Neighborhood lagoons are enticing homebuyers with beachfront-like properties without any risk from flooding, and these crystal lagoons are poised to rapidly expand in the U.S., CNBC reports.
So far, five lagoon communities are open in two states, Florida and Texas; and seven more are slated to open this year in California and Pennsylvania. A company that creates these large pool areas says it has orders for 30 more around the U.S.
These artificial bodies of water can stretch over 8 acres and be filled with 16 million gallons of water. They have surrounding sandy beaches, and the water tends to be crystal, Caribbean blue. They appear to be a cross between a man-made lake and a swimming pool.
“When you see this thing, it really, really pops and is spectacular,” says Greg Singleton, president of the Metro Development Group, which worked with the firm Crystal Lagoons in a community in the Tampa, Fla., area.
“It’s way cheaper than a golf course, and it appeals to so many different people,” Singleton says. “It just became a cost-benefit analysis for us. We thought we’d sell more homes quicker and get a price premium when it’s all said and done.”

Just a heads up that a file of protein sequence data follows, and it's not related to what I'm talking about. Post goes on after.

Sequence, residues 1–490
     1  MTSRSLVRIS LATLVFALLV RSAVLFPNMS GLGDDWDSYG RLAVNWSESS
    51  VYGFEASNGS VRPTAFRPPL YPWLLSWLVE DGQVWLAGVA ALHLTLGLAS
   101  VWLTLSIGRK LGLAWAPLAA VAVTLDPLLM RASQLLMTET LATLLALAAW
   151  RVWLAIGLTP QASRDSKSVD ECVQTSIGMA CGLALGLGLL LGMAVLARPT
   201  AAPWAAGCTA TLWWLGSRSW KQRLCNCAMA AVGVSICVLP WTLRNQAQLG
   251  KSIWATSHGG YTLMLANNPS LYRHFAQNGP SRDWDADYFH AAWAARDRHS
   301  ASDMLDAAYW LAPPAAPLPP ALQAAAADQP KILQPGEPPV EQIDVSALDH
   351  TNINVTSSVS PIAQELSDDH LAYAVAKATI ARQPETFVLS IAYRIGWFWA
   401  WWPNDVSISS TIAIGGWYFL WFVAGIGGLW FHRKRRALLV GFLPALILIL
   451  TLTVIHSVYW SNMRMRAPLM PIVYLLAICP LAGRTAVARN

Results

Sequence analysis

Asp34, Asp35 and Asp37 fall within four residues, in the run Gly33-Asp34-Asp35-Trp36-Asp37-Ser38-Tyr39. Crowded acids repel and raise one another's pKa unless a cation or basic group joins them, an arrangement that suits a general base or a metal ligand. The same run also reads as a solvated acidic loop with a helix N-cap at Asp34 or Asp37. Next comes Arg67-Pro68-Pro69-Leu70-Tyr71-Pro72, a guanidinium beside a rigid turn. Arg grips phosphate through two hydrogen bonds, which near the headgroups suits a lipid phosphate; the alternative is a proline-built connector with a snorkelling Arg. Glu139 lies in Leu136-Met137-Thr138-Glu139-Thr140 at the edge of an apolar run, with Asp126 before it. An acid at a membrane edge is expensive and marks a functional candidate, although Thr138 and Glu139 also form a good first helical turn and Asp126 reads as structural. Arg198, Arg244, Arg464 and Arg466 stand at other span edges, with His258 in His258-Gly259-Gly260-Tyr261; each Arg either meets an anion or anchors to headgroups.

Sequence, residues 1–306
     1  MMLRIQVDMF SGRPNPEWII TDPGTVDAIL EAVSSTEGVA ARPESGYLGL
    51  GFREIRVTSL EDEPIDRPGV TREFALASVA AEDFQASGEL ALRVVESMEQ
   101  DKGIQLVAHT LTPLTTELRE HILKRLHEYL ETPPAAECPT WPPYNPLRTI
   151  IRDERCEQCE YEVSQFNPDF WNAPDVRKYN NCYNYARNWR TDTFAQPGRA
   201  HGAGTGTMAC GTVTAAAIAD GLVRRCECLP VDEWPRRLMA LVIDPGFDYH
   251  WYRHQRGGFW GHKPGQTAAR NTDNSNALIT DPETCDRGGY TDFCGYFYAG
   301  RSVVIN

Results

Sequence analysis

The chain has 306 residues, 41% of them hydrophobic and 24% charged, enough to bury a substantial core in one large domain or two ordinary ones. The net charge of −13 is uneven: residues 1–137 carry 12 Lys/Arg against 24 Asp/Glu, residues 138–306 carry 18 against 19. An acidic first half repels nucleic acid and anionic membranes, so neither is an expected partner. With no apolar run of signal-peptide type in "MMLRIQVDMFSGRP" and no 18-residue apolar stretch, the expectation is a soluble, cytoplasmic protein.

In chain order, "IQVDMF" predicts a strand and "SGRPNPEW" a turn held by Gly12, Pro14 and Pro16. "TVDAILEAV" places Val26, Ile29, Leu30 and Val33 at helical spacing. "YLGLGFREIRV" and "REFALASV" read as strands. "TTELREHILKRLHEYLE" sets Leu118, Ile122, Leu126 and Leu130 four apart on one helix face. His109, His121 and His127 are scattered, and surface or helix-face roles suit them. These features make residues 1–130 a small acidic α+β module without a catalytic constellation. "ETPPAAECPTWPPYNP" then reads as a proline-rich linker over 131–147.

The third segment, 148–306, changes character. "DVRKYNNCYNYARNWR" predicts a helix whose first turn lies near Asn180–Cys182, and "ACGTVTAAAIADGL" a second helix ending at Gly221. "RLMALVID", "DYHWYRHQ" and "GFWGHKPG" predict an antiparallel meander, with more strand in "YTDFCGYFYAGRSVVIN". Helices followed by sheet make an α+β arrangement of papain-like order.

In the area around the Tampa lagoon, seven builders are building more than 1,000 homes starting in the $200,000 range. The homes are selling faster than homes in the surrounding area, Singleton says.
The lagoon constantly filters the water, and the creators behind it tout that the lagoons use 100 times fewer chemicals than conventional swimming pools and just 2% of the energy. Also, lagoon levels can be lowered in advance of storms, so there’s little flood risk, they say.
“We’ve got 30 signed projects, and it’s really been kind of an inflection curve in the last couple of years,” says Eric Cherasia, vice president of Crystal Lagoons.
In Pittsburgh, Crystal Lagoons is part of a project in redeveloping a former industrial area with retail and residential. The lagoon will be the attraction and be featured in the redevelopment. In the winter, the lagoon will be turned into an ice skating rink.
Source: “Caribbean-Like Lagoons Give Homebuyers the Benefits of the Beach Without the Risk,” CNBC (Feb. 13, 2020)
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